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This is FYI - (I can't find the post asking for this help), so generally speaking, for those who don't know (I did not), a common cause of modern engines failing to start (even when it cranks well) is that battery voltage drops below some threshold (say less that 10.5 vdc) when cranking. Electronic Computer Units (the brains) require a certain voltage to trigger all the necessary parts to synchronize and successfully start an engine.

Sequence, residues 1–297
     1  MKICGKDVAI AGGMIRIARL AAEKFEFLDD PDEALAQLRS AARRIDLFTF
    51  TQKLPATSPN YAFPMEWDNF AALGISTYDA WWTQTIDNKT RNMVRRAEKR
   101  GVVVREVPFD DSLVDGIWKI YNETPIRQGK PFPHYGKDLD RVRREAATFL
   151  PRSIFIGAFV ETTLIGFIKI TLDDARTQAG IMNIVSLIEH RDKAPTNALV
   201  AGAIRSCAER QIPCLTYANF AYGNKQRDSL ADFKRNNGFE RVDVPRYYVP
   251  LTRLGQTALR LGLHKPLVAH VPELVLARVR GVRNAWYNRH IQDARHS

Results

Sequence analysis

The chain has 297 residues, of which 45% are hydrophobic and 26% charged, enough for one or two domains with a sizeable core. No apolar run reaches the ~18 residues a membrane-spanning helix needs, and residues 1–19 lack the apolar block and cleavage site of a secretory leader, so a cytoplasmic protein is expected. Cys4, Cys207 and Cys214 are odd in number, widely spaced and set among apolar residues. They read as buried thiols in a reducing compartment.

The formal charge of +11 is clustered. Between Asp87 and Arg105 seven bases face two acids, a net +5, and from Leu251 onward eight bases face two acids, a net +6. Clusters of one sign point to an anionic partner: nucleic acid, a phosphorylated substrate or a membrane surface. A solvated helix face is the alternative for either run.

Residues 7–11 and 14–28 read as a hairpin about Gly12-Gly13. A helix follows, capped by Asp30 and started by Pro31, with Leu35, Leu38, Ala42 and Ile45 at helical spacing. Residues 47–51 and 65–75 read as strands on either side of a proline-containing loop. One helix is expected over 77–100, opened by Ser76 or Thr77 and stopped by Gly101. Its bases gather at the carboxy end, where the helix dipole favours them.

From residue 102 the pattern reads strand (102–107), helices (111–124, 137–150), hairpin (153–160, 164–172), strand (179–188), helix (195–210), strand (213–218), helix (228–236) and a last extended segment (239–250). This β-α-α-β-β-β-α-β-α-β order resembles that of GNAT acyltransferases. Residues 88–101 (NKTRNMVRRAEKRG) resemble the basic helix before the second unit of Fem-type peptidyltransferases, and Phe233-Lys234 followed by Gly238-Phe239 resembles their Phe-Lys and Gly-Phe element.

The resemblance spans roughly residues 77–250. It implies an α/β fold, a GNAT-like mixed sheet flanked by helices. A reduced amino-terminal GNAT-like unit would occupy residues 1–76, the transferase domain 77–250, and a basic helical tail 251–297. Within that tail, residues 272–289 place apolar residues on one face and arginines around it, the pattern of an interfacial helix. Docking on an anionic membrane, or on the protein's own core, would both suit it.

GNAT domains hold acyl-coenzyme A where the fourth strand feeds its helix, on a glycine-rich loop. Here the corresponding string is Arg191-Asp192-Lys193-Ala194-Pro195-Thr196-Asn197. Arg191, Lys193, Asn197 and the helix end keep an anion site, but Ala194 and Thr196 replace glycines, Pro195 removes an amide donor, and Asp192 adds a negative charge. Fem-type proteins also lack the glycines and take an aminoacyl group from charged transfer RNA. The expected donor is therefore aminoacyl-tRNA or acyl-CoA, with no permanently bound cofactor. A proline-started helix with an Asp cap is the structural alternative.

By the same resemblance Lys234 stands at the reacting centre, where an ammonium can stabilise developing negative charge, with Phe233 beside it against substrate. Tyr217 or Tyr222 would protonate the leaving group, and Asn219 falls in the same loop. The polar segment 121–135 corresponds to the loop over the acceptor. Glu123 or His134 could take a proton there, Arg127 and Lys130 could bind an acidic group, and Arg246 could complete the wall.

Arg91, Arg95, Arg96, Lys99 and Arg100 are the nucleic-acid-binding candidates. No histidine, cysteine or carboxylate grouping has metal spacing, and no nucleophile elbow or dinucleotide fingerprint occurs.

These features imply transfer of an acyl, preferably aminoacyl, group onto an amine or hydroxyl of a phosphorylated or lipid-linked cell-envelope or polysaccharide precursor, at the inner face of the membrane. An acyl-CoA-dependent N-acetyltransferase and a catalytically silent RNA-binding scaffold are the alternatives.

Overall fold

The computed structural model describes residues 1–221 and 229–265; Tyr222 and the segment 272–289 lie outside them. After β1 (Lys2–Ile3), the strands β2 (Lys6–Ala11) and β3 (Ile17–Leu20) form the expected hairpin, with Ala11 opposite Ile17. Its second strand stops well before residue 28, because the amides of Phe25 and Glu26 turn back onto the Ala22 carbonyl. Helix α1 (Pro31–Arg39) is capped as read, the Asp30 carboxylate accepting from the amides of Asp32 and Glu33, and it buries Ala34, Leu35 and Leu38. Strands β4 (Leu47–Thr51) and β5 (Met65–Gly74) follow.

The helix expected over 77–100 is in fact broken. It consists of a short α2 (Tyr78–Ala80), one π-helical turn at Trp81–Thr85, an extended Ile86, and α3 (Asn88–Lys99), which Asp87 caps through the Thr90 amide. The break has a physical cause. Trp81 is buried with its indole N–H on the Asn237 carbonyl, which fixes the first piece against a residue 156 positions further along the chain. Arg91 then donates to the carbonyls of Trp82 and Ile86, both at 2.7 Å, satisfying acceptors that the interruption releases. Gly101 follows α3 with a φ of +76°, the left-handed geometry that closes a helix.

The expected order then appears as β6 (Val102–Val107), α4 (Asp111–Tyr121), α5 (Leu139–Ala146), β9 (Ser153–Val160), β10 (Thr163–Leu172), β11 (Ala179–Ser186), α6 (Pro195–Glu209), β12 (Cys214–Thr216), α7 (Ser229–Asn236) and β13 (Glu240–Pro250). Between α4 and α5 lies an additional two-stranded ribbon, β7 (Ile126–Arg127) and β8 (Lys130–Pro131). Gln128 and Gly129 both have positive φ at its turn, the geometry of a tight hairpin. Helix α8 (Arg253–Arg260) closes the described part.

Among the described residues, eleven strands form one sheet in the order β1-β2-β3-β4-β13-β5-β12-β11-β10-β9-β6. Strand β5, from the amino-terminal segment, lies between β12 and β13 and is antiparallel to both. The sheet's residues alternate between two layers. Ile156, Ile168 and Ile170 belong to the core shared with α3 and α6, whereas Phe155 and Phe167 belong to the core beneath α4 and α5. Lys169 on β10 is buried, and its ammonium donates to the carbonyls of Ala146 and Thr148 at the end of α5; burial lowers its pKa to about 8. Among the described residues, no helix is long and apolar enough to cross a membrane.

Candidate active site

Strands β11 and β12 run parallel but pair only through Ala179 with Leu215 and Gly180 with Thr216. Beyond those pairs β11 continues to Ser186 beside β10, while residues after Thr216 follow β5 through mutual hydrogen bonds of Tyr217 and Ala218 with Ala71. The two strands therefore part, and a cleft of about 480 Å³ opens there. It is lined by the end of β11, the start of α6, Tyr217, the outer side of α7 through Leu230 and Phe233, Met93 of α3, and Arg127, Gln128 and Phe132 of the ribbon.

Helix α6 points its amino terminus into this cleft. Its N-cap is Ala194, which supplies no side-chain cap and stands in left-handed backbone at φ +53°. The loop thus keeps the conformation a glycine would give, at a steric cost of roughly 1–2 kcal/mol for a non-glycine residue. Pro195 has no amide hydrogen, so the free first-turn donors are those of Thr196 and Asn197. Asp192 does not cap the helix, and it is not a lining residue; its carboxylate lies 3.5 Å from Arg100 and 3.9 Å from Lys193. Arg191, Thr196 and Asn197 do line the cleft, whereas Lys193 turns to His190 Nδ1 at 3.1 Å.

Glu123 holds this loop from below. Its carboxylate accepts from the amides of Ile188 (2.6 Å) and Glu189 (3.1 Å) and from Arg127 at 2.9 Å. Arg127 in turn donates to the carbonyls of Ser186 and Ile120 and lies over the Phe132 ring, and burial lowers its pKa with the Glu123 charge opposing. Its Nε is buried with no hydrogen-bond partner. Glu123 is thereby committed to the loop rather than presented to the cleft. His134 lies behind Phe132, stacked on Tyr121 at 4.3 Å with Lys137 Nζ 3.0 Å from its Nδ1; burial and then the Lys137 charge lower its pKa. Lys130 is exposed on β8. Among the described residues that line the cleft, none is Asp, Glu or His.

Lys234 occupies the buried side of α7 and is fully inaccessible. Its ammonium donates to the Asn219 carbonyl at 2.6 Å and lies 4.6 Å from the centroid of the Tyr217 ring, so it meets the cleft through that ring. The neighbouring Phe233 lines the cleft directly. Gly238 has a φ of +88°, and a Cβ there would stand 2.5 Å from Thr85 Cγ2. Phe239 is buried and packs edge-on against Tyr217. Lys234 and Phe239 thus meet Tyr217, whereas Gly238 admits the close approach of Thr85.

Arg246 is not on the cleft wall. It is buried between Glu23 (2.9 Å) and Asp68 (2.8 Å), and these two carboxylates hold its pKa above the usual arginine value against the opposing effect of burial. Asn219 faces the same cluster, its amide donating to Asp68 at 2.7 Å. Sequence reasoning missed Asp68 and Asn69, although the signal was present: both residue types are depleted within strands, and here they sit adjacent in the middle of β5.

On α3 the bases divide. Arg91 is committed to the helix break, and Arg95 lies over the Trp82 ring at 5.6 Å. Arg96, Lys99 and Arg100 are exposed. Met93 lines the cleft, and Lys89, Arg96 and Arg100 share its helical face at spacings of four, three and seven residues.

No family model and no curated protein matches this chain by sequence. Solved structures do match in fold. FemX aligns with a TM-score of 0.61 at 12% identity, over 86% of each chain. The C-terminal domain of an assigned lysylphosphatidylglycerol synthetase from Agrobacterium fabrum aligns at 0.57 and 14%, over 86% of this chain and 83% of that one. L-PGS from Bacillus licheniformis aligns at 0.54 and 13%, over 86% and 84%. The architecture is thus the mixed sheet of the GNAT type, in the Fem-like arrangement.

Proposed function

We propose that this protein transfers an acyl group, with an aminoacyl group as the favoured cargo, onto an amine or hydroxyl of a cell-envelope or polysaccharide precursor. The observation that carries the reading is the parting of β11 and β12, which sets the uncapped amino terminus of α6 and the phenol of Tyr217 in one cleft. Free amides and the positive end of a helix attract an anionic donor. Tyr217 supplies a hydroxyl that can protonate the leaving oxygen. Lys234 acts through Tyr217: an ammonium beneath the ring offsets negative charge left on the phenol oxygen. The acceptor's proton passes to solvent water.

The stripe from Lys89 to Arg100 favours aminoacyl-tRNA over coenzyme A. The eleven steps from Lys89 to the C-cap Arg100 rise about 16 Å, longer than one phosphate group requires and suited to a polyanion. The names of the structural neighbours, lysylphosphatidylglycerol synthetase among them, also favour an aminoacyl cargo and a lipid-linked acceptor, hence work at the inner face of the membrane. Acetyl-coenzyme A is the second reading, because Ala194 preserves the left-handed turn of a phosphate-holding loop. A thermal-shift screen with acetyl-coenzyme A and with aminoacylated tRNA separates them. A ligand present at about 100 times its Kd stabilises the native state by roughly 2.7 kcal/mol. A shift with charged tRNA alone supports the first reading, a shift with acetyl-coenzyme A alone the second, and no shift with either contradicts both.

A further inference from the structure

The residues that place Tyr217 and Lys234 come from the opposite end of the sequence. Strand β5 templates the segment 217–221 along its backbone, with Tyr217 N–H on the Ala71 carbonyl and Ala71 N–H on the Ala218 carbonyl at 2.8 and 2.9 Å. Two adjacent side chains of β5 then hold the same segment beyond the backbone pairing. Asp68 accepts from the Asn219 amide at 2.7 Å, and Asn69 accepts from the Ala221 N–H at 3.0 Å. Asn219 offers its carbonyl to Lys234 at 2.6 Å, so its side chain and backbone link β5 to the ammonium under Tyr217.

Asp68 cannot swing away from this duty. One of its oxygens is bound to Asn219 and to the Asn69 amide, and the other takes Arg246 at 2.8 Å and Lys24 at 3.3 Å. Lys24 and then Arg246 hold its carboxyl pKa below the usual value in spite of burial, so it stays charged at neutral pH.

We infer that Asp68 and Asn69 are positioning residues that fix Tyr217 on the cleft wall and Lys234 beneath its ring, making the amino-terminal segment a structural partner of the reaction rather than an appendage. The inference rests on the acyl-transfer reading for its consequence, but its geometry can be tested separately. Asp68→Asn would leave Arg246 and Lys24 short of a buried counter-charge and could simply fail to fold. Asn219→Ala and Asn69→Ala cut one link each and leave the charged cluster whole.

My recently acquired 2005 Escape 3.0L started giving sluggish start problems; the analog parts (starter motor and fuel pump) worked well, but apparently the electronics (crank sensors, timing sensors, injectors, ECU, coils, etc.) somewhere had low-voltage issue. I know this because I tested for common problems and replaced parts that could not be determined at fault. I finally (and easily) monitored the voltage-drop during crank and figured the drop of about 2 VDC was a problem. I then looked and saw the battery was of improper (too small CCA). Once battery was replaced with the specified size, the same voltage-drop test showed over 12 VDC during crank and engine starts with no coaxing or delays.
 
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